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Why should we replace copper gas connectors?

Q. A home inspector advised changing the gas connectors on my furnace, water heater and kitchen range. He says the old copper connectors are unsafe and should be replaced with stainless steel. I'm not even sure what a gas connector is, but I checked all the gas fittings at the appliances, and they seem to be in good condition.

Is replacement of the gas connectors really necessary, or is the inspector just being picky?

A. Gas connectors are the flexible, corrugated tubes that feed fuel to the gas appliances in your home. Until recent years, gas connectors were typically comprised of copper or brass. Unfortunately, the sulfur compounds in natural gas can cause corrosion in copper tubing. This corrosion occurs as small flakes of copper sulfide that can clog or damage the valves, regulators and other components in gas fixtures.

Deterioration of the copper may also cause small gas leaks in the connectors themselves.

To eliminate this problem, copper connectors are no longer available in stores, and those currently in use are gradually being replaced with stainless steel ones. Replacement of old connectors, however, is not mandatory unless a new gas-burning appliance is being installed.

For example, when a water heater is replaced, a new steel connector should be included. Unfortunately, this requirement is often overlooked, and many old copper connectors remain in service, despite the newer codes.

For property owners concerned about fire safety, replacement of all copper connectors is a worthwhile form of preventive maintenance. As for the alleged pickiness of the home inspector, he was just passing along some wise, safety-related information.

Q. A home inspector recommended repairs to the exhaust duct on my clothes dryer. He says the duct is too long and the fittings should not be fastened with screws. These recommendations seem kind of trivial to me because the dryer works just fine. What are the legal requirements for exhaust pipes on clothes dryers?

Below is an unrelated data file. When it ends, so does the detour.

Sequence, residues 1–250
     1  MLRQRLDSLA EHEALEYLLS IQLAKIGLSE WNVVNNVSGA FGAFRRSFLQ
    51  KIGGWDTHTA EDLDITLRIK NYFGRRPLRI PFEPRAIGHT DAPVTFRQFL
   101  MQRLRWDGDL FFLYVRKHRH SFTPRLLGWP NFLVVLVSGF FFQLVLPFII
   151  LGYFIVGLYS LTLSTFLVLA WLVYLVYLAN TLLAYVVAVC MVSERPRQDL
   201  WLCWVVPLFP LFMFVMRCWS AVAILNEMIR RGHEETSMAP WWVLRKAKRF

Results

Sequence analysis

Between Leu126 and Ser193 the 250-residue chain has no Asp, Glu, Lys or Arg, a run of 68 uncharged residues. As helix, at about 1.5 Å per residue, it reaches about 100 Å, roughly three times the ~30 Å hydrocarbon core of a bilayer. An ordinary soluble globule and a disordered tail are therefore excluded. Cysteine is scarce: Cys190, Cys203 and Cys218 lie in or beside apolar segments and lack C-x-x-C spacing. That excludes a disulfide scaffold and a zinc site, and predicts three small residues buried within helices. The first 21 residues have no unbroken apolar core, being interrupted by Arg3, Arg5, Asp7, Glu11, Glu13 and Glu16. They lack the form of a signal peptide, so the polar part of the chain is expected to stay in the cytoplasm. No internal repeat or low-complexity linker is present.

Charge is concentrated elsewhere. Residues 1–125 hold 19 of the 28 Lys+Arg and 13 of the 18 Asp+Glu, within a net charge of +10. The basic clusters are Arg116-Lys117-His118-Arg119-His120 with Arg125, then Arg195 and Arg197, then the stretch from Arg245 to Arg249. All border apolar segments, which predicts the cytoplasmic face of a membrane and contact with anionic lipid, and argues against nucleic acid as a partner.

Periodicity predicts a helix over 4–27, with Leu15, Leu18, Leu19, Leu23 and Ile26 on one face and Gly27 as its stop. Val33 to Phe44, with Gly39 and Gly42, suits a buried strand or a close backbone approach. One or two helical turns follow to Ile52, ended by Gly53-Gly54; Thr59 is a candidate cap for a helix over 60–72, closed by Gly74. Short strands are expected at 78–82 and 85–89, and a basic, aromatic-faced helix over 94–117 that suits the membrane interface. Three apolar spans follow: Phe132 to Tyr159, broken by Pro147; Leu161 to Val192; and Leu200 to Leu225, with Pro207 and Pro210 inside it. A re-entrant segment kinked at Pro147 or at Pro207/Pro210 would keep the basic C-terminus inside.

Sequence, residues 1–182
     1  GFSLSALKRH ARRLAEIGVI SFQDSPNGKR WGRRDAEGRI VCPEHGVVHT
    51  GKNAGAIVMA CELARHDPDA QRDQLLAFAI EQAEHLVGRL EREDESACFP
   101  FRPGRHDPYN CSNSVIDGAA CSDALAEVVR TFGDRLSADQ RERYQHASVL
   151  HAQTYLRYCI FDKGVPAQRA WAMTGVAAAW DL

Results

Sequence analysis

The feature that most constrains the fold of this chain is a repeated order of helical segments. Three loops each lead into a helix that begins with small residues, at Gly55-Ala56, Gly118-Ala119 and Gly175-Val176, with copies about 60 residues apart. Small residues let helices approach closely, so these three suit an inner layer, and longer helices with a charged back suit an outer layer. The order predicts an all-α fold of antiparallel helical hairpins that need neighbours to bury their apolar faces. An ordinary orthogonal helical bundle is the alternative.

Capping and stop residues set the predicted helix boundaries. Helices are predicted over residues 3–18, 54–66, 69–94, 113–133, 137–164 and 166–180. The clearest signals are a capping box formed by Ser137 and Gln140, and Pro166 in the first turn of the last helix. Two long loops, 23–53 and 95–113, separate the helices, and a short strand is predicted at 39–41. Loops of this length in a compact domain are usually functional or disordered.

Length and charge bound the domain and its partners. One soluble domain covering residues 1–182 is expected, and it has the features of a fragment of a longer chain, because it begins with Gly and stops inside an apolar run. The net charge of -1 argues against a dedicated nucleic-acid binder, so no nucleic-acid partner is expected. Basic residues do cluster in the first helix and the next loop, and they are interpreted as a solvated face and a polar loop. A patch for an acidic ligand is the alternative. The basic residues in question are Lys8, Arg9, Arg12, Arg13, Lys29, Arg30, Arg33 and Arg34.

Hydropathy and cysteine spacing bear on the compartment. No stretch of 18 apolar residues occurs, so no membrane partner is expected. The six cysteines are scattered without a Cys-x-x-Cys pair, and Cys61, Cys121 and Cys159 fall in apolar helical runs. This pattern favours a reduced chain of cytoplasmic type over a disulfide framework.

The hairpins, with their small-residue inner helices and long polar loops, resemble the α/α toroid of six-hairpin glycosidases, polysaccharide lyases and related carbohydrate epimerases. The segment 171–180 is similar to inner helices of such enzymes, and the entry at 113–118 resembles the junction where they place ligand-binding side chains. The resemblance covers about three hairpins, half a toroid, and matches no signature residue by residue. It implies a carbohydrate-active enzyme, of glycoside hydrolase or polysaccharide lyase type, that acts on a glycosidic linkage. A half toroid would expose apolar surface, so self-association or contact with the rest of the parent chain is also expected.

A. The requirements pointed out by your home inspector are important, not only because they maximize the efficiency of your dryer, but because they can prevent your dryer from overheating and causing a fire.

Length requirements for clothes dryer vent ducts are not the same in all states. Depending on the code book in use, lengths can vary from 14 feet to 25 feet or more. In all states, the length of a dryer duct must be shortened if the run has more than one 90-degree turn. To determine the length requirements in your area, call your local building department.

Compliance in some homes is not always possible because some floor plans do not enable venting to the outside of a building without the ducts being too long. In those cases, a booster blower can be installed.

Screws should never be used to fasten duct fittings because lint can accumulate on the screw tips, and this can restrict airflow inside the duct. Dryer lint burns easily. Again, restricted airflow in the duct can cause overheating or a fire.

* To write to Barry Stone, visit him on the web at, or write AMG, 1776 Jami Lee Court, Suite 218, San Luis Obispo, CA 94301.

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Title Annotation:Real Estate
Publication:Daily Herald (Arlington Heights, IL)
Date:Aug 3, 2018
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